Oceanography The Official Magazine of
The Oceanography Society
Volume 26 Issue 01

View Issue TOC
Volume 26, No. 1
Pages 18 - 23

OpenAccess

RIPPLE MARKS • The Forgotten Forests: Mangroves' Future Hangs in the Balance Between Land and Sea | Plug Your Power Cord Into the Seafloor? Seabed Bacteria Function as Live Electric Cables | Living Light on the Deep-Sea Floor: Bioluminescence Also Shines in the Benthos

Cheryl Lyn Dybas
First Paragraph

The Forgotten Forests: Mangroves' Future Hangs in the Balance Between Land and Sea

The mangal, it's called, this tangle of roots that makes up the mangrove forest biome. There, trees with twisted limbs live in two worlds—one foot on land, the other in the sea.

Mangals thrive in saline coastal sediment habitats in the tropics and subtropics. Neither solely of land nor of sea, these forests of the tide cover an area of 150,000 km2 in 123 nations and territories—less than 1% of all tropical forests worldwide, and less than 0.4% of the total global forest "estate."

Plug Your Power Cord Into the Seafloor? Seabed Bacteria Function as Live Electric Cables

Man-made power cables crisscross the globe, but could nature have designed its own electrical cords—and hidden them at the bottom of the sea?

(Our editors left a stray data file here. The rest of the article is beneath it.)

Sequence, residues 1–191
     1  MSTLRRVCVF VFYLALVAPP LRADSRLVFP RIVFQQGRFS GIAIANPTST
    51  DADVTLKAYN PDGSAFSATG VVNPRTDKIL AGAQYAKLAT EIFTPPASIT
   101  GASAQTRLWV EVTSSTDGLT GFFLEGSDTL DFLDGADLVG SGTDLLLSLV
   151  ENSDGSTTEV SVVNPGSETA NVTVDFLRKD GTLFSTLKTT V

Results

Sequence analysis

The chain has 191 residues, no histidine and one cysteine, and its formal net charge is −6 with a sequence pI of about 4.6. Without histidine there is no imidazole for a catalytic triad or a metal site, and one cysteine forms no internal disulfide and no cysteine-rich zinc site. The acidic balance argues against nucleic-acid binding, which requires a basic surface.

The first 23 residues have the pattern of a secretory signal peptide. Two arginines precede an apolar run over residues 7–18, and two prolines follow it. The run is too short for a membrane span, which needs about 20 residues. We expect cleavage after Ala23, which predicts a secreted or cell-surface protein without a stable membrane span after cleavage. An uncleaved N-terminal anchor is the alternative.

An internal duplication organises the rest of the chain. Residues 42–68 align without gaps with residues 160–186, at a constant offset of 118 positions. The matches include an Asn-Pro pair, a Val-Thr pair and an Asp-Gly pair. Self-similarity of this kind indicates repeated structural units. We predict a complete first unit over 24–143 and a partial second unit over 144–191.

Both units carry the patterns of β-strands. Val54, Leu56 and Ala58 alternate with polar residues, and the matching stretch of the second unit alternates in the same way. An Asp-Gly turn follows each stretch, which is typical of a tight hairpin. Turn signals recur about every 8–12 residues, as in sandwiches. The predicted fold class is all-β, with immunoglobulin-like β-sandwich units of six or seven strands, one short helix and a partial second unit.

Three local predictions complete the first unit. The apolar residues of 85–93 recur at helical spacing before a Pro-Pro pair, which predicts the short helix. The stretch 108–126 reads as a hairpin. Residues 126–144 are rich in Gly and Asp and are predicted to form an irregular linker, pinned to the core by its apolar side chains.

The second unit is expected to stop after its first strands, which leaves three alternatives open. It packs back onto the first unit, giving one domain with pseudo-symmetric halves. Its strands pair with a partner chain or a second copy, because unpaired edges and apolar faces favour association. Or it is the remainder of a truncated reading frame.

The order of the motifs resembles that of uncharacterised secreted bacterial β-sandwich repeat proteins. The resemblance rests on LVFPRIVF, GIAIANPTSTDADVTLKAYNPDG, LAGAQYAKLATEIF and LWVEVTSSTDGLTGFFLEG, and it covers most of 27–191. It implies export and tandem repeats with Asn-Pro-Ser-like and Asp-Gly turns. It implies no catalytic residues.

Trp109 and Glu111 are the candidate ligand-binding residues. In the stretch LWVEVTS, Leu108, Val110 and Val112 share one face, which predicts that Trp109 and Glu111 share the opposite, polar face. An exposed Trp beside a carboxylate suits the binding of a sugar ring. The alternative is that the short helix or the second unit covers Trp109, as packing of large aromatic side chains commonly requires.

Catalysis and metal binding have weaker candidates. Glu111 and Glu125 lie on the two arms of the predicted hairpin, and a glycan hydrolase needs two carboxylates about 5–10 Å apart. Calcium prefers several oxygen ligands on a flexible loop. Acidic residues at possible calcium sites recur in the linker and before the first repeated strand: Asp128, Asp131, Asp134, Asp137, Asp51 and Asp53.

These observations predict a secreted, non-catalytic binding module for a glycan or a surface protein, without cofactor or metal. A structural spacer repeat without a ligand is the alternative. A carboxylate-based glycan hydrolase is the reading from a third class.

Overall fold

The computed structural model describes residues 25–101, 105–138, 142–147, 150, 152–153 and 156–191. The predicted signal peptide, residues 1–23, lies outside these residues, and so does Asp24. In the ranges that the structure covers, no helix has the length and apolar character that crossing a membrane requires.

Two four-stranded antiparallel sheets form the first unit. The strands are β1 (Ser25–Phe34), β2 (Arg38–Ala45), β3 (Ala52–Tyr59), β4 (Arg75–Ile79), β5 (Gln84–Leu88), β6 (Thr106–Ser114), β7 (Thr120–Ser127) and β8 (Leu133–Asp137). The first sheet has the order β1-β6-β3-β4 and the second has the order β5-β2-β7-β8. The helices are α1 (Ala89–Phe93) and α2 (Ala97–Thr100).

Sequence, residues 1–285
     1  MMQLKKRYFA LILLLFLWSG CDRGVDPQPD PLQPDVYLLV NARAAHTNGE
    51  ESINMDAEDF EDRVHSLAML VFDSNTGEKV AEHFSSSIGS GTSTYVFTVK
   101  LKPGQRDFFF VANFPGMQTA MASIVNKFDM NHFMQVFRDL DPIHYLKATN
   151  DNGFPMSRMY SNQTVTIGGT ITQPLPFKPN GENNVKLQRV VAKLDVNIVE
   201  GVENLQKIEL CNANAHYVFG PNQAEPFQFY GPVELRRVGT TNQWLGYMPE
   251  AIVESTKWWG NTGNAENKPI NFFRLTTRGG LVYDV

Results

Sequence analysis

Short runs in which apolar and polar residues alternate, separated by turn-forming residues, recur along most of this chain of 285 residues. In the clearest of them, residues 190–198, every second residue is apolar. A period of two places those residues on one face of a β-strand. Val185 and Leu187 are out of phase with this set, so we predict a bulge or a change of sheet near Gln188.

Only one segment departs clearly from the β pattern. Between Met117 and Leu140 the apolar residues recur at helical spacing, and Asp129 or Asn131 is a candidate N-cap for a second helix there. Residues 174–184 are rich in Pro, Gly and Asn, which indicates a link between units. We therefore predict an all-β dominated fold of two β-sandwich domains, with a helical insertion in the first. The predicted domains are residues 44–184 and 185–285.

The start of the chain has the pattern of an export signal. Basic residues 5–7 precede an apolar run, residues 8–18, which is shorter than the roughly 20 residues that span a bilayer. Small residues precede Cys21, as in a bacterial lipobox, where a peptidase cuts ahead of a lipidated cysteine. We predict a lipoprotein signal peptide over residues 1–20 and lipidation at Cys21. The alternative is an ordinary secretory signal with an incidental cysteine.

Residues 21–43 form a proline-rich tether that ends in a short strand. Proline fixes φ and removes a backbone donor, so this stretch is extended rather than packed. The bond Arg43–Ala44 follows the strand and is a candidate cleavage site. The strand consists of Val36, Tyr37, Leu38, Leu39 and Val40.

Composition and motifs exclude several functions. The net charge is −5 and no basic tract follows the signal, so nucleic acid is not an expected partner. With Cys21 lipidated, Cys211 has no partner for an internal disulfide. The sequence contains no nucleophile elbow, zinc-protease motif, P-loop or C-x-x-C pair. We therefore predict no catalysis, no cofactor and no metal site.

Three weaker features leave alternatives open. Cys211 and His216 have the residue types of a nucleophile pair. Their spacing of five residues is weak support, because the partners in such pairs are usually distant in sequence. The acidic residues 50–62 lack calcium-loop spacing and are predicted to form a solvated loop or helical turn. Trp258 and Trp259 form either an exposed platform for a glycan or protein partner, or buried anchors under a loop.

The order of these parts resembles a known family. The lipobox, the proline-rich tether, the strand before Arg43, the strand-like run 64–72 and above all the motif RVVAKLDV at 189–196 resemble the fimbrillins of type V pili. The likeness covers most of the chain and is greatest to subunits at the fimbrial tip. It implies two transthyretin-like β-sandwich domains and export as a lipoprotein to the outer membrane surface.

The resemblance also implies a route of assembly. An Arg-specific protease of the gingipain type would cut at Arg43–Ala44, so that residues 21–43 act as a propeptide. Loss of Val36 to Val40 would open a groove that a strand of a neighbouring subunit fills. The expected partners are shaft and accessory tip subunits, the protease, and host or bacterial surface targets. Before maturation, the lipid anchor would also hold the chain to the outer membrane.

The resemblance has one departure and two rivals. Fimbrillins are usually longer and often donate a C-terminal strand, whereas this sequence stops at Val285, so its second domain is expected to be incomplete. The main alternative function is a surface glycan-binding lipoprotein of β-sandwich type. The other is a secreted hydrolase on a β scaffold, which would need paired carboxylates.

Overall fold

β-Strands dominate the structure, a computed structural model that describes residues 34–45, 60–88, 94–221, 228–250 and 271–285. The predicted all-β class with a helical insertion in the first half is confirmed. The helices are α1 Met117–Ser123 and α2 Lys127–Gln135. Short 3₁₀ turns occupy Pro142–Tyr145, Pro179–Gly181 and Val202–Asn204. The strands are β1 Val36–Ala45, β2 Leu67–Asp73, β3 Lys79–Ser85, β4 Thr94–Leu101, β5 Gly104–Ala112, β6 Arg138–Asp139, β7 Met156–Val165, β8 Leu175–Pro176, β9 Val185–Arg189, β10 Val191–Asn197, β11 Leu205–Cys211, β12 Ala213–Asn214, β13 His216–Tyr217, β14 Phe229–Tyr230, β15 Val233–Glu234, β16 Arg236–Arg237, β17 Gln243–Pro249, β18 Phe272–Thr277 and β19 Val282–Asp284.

That's exactly what happened, according to researchers from Aarhus University in Denmark. They discovered natural electrical currents running through the mud on the seabed of Aarhus Bay. Electrons are transported from oxygen-free mud a few centimeters beneath the seafloor to oxygen-rich mud on the surface of the seabed.

Living Light on the Deep-Sea Floor: Bioluminescence Also Shines in the Benthos

Cable bacteria aren't the only unusual creatures at the bottom of the sea.

Sudden blue flashes. Shooting beams of red light. An eerie green glow. All are surreal displays put on by deep-sea animals that are bioluminescent.

Citation

Dybas, C.L. 2013. Ripple marks—The story behind the story. Oceanography 26(1):18–23, https://doi.org/10.5670/oceanog.2013.13.

Copyright & Usage

This is an open access article made available under the terms of the Creative Commons Attribution 4.0 International License (https://creativecommons.org/licenses/by/4.0/), which permits use, sharing, adaptation, distribution, and reproduction in any medium or format as long as users cite the materials appropriately, provide a link to the Creative Commons license, and indicate the changes that were made to the original content. Images, animations, videos, or other third-party material used in articles are included in the Creative Commons license unless indicated otherwise in a credit line to the material. If the material is not included in the article’s Creative Commons license, users will need to obtain permission directly from the license holder to reproduce the material.